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allusion, details, metaphors, metonymies, antitheses, strange things, and strange names, shows us the worth of specific words in descriptive writing.
Page 156, line 6. Stamp Act. All good Americans should read Burke's American Taxation Speech and his Conciliation with the Colonies. Page 161, line 5.
sworn of the privy council. Become a member of the Sovereign's council, which is composed of the great officers of the kingdom, the royal princes, the great judges, and other persons of rank and position.
Page 167, line 4. First Lord of the Treasury, Chancellor. Titles of members of the English Cabinet, or Ministry.
Line 19. prorogation. Parliament's annual sessions are usually from February to August. The prorogation is the act of adjournment for the annual recess.
Page 171, line 25. High Court of Parliament. The House of Commons must impeach, and the House of Lords must try the case.
Page 172, line 6. hall of William Rufus. This hall still stands, and is a pari of the new House of Parliament. There is an illustrated article on this hall in Harper's Monthly for November, 1884,
Page 173, line 19. Siddons. Mrs. Siddons, the great actress, She was at the height of her fame at this time. Lady Macbeth was one of her favorite characters. Reynolds painted her as the Tragic Muse. Gainsborough's painting of her is in the National Gallery
Line 22. historian. Edward Gibbon. Decline and Fall of the Roman Empire.
Page 174, line 2. greatest painter and greatest scholar. Sir Joshua Reynolds and Samuel Parr.
Line 14. plighted his faith. The Prince of Wales, afterwards George IV., was privately married to Mrs. Fitzherbert. It was contrary to law because she was a Roman Catholic. Royal Marriage Act, 1772.
Line 15. Saint Cecilia. Saint Cecilia is the special patron saint of music and musicians. Raphael and many later artists have given their conception of her. Dryden's Ode to Saint Cecilia and his ode Alexander's Feast were written for musical feasts in her honor. The legend of her martyrdom is well told in an illustrated article of Harper's Monthly, November, 1880. The allusion here is to Mrs. Richard Brinsley Sheridan, whom Reynolds painted in the character of Saint Cecilia.
Line 20. Mrs. Montague, who often entertained the members of the Literary Club — Burke, Goldsmith, Johnson, Reynolds, Garrick, etc.
Line 23. Georgiana, Duchess of Devonshire. The story runs that she bought at least one vote for Fox in his contest for Parliament in 1784 by a kiss. Her portraits by Gainsborough and Reynolds are very lovely.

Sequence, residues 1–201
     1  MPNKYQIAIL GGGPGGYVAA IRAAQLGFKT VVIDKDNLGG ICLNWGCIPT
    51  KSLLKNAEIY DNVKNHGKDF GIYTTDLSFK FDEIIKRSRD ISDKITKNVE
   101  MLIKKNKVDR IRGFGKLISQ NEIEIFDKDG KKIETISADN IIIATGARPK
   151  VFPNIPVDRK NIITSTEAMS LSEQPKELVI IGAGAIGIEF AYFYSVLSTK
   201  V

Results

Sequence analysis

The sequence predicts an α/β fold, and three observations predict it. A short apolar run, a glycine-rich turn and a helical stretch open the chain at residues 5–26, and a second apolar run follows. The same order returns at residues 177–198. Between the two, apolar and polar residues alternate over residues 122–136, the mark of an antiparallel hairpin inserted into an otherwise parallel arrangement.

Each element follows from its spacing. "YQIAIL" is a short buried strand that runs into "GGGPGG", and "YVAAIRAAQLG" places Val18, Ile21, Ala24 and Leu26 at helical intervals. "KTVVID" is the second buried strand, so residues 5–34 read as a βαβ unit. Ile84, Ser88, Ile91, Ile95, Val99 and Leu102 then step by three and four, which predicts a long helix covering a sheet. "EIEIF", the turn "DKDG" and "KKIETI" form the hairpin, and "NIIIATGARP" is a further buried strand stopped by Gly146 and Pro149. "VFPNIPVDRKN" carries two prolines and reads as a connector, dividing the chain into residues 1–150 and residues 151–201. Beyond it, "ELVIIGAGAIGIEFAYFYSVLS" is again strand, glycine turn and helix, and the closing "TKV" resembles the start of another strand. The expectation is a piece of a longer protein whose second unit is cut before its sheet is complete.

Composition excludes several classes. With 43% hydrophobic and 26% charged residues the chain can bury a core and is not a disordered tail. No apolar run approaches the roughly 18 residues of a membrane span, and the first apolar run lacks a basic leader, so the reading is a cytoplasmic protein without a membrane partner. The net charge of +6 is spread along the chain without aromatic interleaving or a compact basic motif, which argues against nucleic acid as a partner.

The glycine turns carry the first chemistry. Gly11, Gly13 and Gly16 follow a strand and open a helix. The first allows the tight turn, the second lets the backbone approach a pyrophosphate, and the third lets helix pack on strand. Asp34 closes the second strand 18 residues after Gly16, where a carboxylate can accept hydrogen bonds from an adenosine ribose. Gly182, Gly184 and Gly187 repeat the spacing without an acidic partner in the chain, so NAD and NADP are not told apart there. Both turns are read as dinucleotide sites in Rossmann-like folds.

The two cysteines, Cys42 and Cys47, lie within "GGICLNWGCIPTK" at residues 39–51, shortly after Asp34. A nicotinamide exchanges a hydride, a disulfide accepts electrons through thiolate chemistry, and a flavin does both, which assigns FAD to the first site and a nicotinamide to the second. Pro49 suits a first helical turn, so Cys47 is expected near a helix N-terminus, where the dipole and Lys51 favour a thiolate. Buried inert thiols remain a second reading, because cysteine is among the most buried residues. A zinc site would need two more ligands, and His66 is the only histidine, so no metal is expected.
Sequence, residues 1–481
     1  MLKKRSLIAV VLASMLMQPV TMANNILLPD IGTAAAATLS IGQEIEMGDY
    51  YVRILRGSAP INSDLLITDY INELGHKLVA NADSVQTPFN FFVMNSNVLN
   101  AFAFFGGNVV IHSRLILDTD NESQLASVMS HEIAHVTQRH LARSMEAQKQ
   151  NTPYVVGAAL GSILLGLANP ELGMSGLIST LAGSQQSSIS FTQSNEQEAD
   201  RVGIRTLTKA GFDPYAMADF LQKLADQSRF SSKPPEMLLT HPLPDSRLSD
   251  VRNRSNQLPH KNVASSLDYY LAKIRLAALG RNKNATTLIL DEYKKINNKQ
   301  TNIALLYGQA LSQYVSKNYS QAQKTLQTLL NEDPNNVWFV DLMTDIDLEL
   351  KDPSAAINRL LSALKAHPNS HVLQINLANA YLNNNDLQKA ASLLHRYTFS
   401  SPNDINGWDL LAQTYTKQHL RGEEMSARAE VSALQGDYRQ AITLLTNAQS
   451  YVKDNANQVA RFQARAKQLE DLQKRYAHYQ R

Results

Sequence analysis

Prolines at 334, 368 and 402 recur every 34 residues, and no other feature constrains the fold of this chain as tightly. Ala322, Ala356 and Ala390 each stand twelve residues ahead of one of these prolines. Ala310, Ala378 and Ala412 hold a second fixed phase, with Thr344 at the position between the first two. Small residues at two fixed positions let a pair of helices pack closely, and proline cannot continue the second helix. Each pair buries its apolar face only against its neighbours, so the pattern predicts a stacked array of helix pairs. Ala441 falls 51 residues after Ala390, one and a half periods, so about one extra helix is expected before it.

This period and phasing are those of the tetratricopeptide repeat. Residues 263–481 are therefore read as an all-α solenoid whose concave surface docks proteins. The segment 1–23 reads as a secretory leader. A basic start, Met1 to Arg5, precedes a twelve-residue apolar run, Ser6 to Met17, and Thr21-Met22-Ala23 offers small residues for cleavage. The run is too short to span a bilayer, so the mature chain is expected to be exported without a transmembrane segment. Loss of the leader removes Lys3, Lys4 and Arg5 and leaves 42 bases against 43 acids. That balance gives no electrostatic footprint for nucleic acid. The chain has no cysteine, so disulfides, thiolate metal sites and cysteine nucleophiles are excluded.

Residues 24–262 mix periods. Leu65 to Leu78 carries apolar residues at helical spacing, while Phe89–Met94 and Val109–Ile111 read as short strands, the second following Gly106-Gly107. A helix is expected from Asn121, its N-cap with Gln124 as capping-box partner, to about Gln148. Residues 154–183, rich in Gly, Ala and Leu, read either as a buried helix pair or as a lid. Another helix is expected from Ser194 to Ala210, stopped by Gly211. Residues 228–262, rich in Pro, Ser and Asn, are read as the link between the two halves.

Page 175, line 17. Mens aequa in arduis. A mind unmoved amid difficulties. In connection with this Macaulay says,
" He was a man for whom nature had done much of what the stoic philosophy pretended, and only pretended, to do for its disciples. “Mens aequa in arduis' is his inscription under
the picture in the Government House at Calcutta, and never was there a more appropriate motto."
Page 176, line 13. bag, bag-wig. A wig with a bag to hold the back hair, fashionable in the eighteenth century.
Line 25. Fox. Charles James Fox, 1749–1806, statesman and orator. Burke called him “ the greatest debater the world ever
His is a very interesting biography. Sheridan, Richard Brinsley Sheridan, dramatist, orator, and statesman, 1751-1816, a brilliant speaker, as Macaulay shows. He is the author of the plays The Rivals and School for Scandal.
Page 178, line 2. morning sun. The sittings of Parliament are opened at 4 P. m., and often last till “ morning sun.
Line 4. Charles Earl Grey. Earl Grey, a great Whig leader in Macaulay's own days in Parliament. Prime Minister when the Reform Bill of 1832 was carried.
Page 179, line 9. taste and sensibility. See previous note for the novels that fostered this “sensibility.”
Page 185, line 23. unpopular. Burke did not believe in the French Revolution. He said, “Whenever a separation is made between liberty and justice, neither is safe." But he stood alone in Parliament. The Whigs followed Fox, and the Tories followed Pitt, in their approval of the Revolution. Later the country understood Burke's view, but it was too late to save the friendships of the great Whigs. Macaulay describes their attitudes toward each other in a subsequent paragraph.
Page 192, line 19. Anthony Pasquin, pasquinade, lampoon. Macaulay said of him, “The wretched Tony Pasquin, who first defended and then libelled him [Hastings]."
Page 195, 1. 3. Pitt retired. Pitt, the younger, resigned the premiership because the king refused his consent to the removal of the remaining civil disabilities of the Roman Catholics.
Line 8. Addington. Prime Minister after Pitt resigned.
Line 9. resigning the Treasury, resigning the office of Prime Minister. The people regarded Mr. Addington as a weak and narrow-minded man.
INDEX TO NOTES
A government de facto, 218. Chancellor, 221.
Charles Earl Grey, 223.
Clive, 205, 206, 208, 209, lv.
Doest thou well, 212.
Double government, 208.
Downing Street, 219.
Dupleix, 205, lv.
Edmund Burke, 220, 223.
Fall of the house of Tamerlane,
Fling his guns into the tanks, 217.